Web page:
SAN DIEGO (KGTV) — The East Valley Community Center's basketball court is a little quieter this week for Coach Al Owens.
While he teaches the fundamentals of the game, he knows the biggest lesson isn't that.
"It's not what you do on the court. It's what you do on the court," he said. "We want you to be a great human being, and that's what Joshua was- a great human being."
Joshua Whitten was one of his players.
He didn't let anything stop him, not even a brain cancer diagnosis.
"He still wanted to be a part of his team," he said. "He still wanted to help his teammates."
Joshua's bravery didn't just capture his coach's heart. He stole the entire Escondido community's heart back in August after ABC 10News sat down with his mother and him.
"Every day I want to take away any pain he has - any appointments he has to go to," his mom said. "I'd rather be going through it than him."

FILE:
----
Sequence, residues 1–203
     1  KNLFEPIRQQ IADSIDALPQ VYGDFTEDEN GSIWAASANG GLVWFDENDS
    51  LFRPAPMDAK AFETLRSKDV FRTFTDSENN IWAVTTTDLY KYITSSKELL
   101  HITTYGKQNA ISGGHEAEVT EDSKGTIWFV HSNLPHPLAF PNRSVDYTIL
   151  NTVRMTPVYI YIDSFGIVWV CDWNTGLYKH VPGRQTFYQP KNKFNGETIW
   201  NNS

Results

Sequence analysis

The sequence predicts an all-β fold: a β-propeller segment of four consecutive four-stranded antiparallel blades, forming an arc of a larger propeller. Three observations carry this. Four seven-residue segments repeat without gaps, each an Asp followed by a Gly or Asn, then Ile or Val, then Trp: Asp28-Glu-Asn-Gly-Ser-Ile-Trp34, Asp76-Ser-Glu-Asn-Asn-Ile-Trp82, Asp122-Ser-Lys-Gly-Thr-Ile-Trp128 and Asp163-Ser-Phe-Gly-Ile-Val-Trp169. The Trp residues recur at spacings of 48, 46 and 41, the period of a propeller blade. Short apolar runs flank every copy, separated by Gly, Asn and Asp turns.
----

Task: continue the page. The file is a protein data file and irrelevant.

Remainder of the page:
"Mom, you can't go through this," Joshua answered.
Joshua's battle with brain cancer ended Friday. It was a little over a year after it began.
His coach walked in as Joshua took his last breath.
"I gave him a hug. I gave him a kiss on the cheek, and I said there were no goodbyes," he said. "I'll see you later. When I see you later, we'll be in heaven playing basketball."
Joshua had a charismatic and unrelenting spirit, and he wouldn't want the spotlight on himself.
So, his family is asking for donations to be sent to the cure starts now and will go towards pediatric brain cancer research.
"He was definitely bigger than himself. He always wanted to help other people, and he was just wise beyond his years," he said. "Almost sometimes like you were talking to a little adult."
Owens said if Joshua could say one thing, he'd say he's okay.
"He would say, 'I'm in heaven now, and I'm playing basketball. And I'm ready for you to come to get me again, coach,'" he said.
Joshua's services will be held on March 4 at 1:30 p.m. at Grace San Marcos. The family asks the community to wear superhero shirts to the services.